Monday, August 14, 2017

Liquor, Doughnuts, and Other Forbidden Pleasures

I had my big outing in the Small City today, the main purpose of which was to check thrift stores for maternity clothing for me and any clothing at all for my clothes-destroying sons. A. asked me to pick up some whiskey for him at the liquor store while I was in the city, too.

There happens to be a liquor store just down the street from the thrift store, so after I did my shopping, I decided to walk to the liquor store. It was only about 300 yards. Definitely not worth getting in the car again.

This did mean, however, that I had to walk back to my car parked at the thrift store on the busiest road in the city, obviously pregnant and carrying a similarly obvious brown paper liquor store package.


In addition, my little walk took me directly past the bakery that sells the best doughnuts in the entire world. Thanks to that little issue with gestational diabetes--which is entirely controllable for me if I'm careful of what I eat--I am no longer eating doughnuts.

Harsh. Way harsh.

I marched resolutely past the bakery, holding a bottle of liquor that I am also not permitted to ingest.

The only thing I could take comfort in was the coffee mug that I found at the thrift store. See, I dropped my coffee mug last week and broke it. This was my special mug. The mug in which I drank my coffee every single morning for the past eight years or so.

It was one of those camp-style mugs, the kind that are extra wide and straight-sided. I like that style because they are particularly stable around rampaging children, and also hold a little more than a standard mug. This is important because of the amount of milk I put in my very strong coffee with chicory.

I thought I could just use one of the many other mugs we have. But none of them were the same shape, and I was sad every morning when I drank my coffee out of an inferior mug.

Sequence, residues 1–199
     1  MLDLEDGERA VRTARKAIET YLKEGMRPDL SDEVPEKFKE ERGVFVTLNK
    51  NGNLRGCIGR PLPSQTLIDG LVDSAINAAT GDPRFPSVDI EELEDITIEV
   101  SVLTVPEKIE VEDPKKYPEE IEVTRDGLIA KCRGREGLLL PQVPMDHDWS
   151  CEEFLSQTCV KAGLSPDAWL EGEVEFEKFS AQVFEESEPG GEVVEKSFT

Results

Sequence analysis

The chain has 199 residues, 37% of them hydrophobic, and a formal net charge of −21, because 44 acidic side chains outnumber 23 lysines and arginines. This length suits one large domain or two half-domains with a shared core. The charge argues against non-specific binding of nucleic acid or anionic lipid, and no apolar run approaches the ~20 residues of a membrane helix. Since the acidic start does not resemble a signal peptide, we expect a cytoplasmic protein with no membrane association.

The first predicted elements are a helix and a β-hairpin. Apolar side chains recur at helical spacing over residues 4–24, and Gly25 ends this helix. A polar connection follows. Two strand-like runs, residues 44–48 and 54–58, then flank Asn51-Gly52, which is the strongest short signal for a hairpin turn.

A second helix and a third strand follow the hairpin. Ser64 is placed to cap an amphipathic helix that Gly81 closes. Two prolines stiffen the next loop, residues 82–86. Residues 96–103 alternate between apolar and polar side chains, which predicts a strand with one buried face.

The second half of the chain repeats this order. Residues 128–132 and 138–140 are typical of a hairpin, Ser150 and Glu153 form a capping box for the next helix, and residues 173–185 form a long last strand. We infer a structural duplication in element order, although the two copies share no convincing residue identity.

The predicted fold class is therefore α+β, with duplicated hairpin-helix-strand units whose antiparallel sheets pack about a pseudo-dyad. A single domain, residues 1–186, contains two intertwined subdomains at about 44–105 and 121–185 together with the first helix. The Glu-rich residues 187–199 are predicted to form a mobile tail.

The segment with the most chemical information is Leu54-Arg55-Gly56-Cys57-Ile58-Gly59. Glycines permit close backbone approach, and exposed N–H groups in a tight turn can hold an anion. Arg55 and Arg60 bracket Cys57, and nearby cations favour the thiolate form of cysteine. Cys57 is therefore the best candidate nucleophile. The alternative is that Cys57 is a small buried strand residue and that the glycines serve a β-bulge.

Because of this, I was actually planning on going back to the local Huge Outdoor store from which I originally purchased my mug to get another. Even though it had a picture of a gaping fish on it that I really did not care to see first thing in the morning.

But while I was at the thrift store, I decided to check their selection of mugs and ta da! There was just the right kind of camp mug for 99 cents, with the benign logo of the YMCA on it. So it's even an improvement on the ugly fish mug.

I may not be able to have liquor or doughnuts, but at least I can once again enjoy my coffee from a proper (and gratifyingly cheap) mug. It'll have to do.

Saturday, August 12, 2017

Just Call Me The Crazy Garden Lady

This morning I actually said to A., "I hate to leave my garden for a whole week. But I guess I've done everything I can to prepare it for my absence."

Apparently, the garden is my fifth child.

Then again, all my children are coming with me tomorrow when we leave for Blackrock for a week, but the garden will be left to fend for itself.

My preparation mostly consisted of stripping the pea and bean plants of every last small pea and bean, so that I don't come home to overly matured legumes that have caused the plants to stop producing.

Can we just talk for a moment about how incredible it is that I'm still harvesting peas in mid-August?

Peas are a cool-weather crop. They stop producing when it gets hot and dry. At Blackrock, I would rarely get more than one good harvest from the pea plants before they would wither away. But here, this year, it's been so cool and wet that it took forever for the peas to start producing anything at all, but once they did they don't seem to be giving up.

I did pull the shelling peas out this morning, though. They were starting to die, and were harboring an alarming colony of slugs (another result of our cool, wet summer), so I decided to rip them out. I left the snap peas in, though, after harvesting a full two quarts of snap peas from three plants.

The carrots have also been outstanding this year. A. planted a full two packets of seed in April, and they all came up. We started eating the thinnings from the carrots about two months ago, and we've had a steady supply since. The kids more or less free-range in the carrot rows, eating however many they want whenever they want, and we still have incredible quantities of quite large carrots out there.

Unfortunately, the weather that has been so beneficial for the peas and carrots has been very, very sad for the summer crops. Particularly the cucumbers and tomatoes.

There are dozens upon dozens of tomatoes on my sixteen plants and not a single one was ripe. Not one. What a screw. And here we are facing down a killing frost in about a month.


As I was working my way around the tomato forest to get to another patch of green beans to harvest, I spied . . . is that red?

Yes! It's the much-anticipated First Tomato!